This will be Fox’s last year broadcasting the World Endurance Championship for now, as even the series is tired of having Le Mans coverage unexpectedly swapped for golf highlights. While the WEC has given fans the live stream we want for years, the biggest problem is that auto racing’s sponsors haven’t caught up with them on the idea of streaming yet.
[Full disclosure: Jalopnik is owned by broadcasting company Univision, which holds the broadcast rights to several sports including Formula One.]
The World Endurance Championship will not be renewing Fox’s contract to broadcast WEC races (including their flagship 24 Hours of Le Mans race) next year. Currently, the series is in talks with “several broadcasters” over the contract for 2018 and beyond, according to a series spokesperson. An announcement on who will broadcast WEC races in the United States for the forseeable future won’t be made until early 2018.
Fox largely brought this non-renewal upon themselves, as frequent channel changes and interruptions that pushed racing off their cable channels frustrated WEC fans. When Jalopnik asked the WEC’s North American representative Andrew Craig about future plans for the series when they swung by Circuit of the Americas earlier this year, he explained:
We [won’t get into] any details now, but we are changing broadcasters. We enjoyed our relationship with Fox, and it was very good the first two years. We had actually phenomenal coverage. [...]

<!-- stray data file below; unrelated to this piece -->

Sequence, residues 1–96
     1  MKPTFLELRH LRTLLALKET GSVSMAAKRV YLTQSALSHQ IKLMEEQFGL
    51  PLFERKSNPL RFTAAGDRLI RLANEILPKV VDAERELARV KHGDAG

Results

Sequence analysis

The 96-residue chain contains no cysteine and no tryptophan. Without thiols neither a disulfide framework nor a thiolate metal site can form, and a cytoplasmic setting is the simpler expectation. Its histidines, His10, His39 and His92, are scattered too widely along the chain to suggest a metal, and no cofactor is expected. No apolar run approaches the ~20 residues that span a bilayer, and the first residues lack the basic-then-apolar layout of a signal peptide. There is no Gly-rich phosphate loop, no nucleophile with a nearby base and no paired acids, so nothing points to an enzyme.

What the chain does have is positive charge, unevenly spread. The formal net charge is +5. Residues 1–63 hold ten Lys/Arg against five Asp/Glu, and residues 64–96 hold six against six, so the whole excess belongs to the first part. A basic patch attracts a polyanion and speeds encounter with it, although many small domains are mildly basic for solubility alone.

Fox really have been piling on inventories, as we call it, with soccer and several [others]—we’re just getting squeezed. So, we’re going to change.
Even the lone U.S. WEC round was a victim of Fox’s too-many-sports problem this year, as a large chunk of the race wasn’t even broadcast on one of Fox’s cable networks due to UFC over-runs from another network. That’s a major problem for the WEC, who still has to pull decent TV numbers even though they realize that TV isn’t the future, as Craig explained:
The trouble is, many sponsors still judge sports on eyeballs. The numbers. The TV ratings. Still do it. And it’s the past—you know this. [...] Network TV is the past.
The sponsors who keep racing series’ lights on still all too often judge whether or not a series is worth spending money on by its TV numbers. Worse yet, there are so many sports—including those with more established followings in the U.S. than the WEC—vying for that sweet, sweet TV time. Finding time for even the series’ shortest six-hour races under those circumstances has proven to be extremely difficult.
To those sponsors’ credit, regular broadcast television is still somewhere new fans can find a new racing series to follow by sheer merit of it being on and available—for now at least. But focusing on TV in 2017 is beyond short-sighted, as it doesn’t factor in the reach of the WEC’s own live stream and the numbers of existing fans who already tune in there.
One of the reasons we love the WEC is because they were one of the first major racing series to offer a comprehensive worldwide streaming service for fans who didn’t want to have races interrupted by commercials and channel changes. They gave us what we want, and Craig knows that’s the future of broadcasting: